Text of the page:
While the goal of the OSHA audit is to promote a safer workplace and make sure your site is in compliance with OSHA guidelines, nobody likes getting surprised with a fine for noncompliance!

Did you know that if you work with a PEO, your workplace is probably more protected than most– financially protected too! PEOs share employee liability through the co-employment relationship but also work with the employer to provide adequate training, audits, precautionary steps and more.

With the help of a dedicated and experienced team, you can come up with the most effective solutions to keep your workplace as healthy and safe as possible while adhering to compliance standards.

For a complete schedule of events concerning an OSHA audit, visit http://www.osha.gov/Publications/visit/what-to-expect.html.

For more information on enhancing workplace safety and shared liability through the co-employment relationship, contact PEO Advantage.

Minimum Wage Increases for 2013

June 4th, 2013

We’re well into 2013, but if you’re just now hiring someone in the middle of the year, you may not know that a few states had minimum wage increases in 2013. 10 of them – to be exact!Minimum Wage Increases for 2013

Let’s review:

  • Arizona – $7.80
  • Colorado – $7.78
  • Florida – $7.79
  • Missouri – $7.35
  • Montana – $7.80
  • Ohio – $7.85
  • Oregon – $8.95
  • Rhode Island – $7.75
  • Vermont – $8.60
  • Washington – $9.19

Federal minimum wage remains at $7.25/hour, although that may change in the near future.  President Obama has proposed indexing the minimum wage to inflation so that it increases each time the cost of living increases. The Fair Minimum Wage Act of 2013 has been introduced in the U.S. Senate and House of Representatives and if passed would raise the federal minimum wage to $10.10 per hour by the year 2015. The minimum wage would then be adjusted each year after that to keep up with the rising cost of living.

Currently, the federal minimum wage of $7.25/hour supersedes state minimum wage laws where the federal minimum wage is greater than the state minimum wage. In states where the state minimum wage is greater than the federal minimum wage, the state minimum wage takes precedence.

Need help sorting through minimum wage laws? Ask your PEO! If you are not currently working with a PEO or payroll service provider, contact PEO Advantage today to learn more. Wage and hour laws can be complex – but you don’t have to face them alone!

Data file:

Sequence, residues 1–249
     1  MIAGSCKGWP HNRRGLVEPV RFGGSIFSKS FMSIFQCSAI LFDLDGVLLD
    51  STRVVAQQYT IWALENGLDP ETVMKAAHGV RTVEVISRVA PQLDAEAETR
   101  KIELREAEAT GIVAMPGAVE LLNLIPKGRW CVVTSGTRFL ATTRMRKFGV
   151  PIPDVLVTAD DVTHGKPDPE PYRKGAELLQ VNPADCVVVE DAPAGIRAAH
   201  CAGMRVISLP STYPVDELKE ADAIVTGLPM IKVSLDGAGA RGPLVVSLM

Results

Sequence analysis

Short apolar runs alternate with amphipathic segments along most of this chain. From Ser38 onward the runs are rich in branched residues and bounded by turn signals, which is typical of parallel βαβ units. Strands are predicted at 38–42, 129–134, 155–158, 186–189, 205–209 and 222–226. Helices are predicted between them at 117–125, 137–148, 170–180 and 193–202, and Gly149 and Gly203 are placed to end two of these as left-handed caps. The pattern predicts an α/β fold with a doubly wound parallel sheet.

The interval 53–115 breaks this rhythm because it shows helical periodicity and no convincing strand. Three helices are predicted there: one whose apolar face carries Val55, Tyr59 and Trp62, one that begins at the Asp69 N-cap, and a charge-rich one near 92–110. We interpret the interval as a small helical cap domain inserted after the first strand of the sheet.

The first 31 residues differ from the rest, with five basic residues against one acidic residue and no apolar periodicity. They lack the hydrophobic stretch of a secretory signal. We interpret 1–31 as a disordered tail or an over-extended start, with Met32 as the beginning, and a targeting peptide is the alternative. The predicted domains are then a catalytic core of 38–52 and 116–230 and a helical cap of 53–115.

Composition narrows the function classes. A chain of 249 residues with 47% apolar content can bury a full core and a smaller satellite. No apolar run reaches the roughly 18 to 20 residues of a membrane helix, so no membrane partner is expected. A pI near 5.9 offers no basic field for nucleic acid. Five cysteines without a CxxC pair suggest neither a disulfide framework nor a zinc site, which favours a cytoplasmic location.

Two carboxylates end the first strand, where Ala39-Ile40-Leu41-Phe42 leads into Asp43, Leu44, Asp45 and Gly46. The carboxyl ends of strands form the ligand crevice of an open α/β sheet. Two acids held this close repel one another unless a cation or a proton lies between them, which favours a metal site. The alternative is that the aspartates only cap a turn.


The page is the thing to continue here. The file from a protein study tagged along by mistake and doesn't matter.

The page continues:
How Do I Determine What To Pay a New Employee?

May 23rd, 2013

How Much Do I Pay A  New EmployeeHiring? You may be stumped when it comes to selecting or offering the appropriate salary for the vacant position- especially if it’s a new position your company has never had before. You’ll obviously want to be in compliance with minimum wage laws, but as you advance further up the pay scale and away from entry level positions, salaries get a little bit more complex.

Salary is often representative of experience, skill set, industry and responsibility, and you want to attract the perfect candidate, don’t you?

How do you determine what to pay a new employee? Let’s review a few key factors:

  • Do your research. There are a few good resources available which will provide salary data within your industry: www.bls.gov, www.payscale.com and www.salary.com.
  • Education & experience: What degree, training, certificates does the employee have and how many years of experience does he or she have? Will you offer a higher salary for a candidate that brings more to the table?
  • Job uniqueness: How rare is this job? Are there a lot of candidates capable of filling the position, or does it really require a rare and exceptional candidate?
  • What benefits will you provide the employee with? Don’t underestimate the power of benefits, or the cost. Many employees will happily take a lower-paying position if it means full health insurance coverage for their family or special perks such as company gym membership, retirement account, commissions, expense reimbursements, transportation, and more. What can you provide? Analyze how much each benefit is really worth.

Once reviewing the abovementioned areas, it is recommended that you compile a salary range, versus a number set in stone. A range will allow you some flexibility for negotiations, and other factors such as a candidate’s unique experience or the need for relocation.

Still stumped? A PEO Can Help…

If you already work with a PEO, be sure to rely on them for attracting and retaining top employees. Comprehensive benefits packages and recruiting assistance brought forth by the PEO relationship will make sure your Company hires the right talent – at the right price too!

If you’re not yet working with a PEO, contact us to learn more.  There are countless benefits to the co-employment relationship in addition to salary and recruiting assistance. We can help!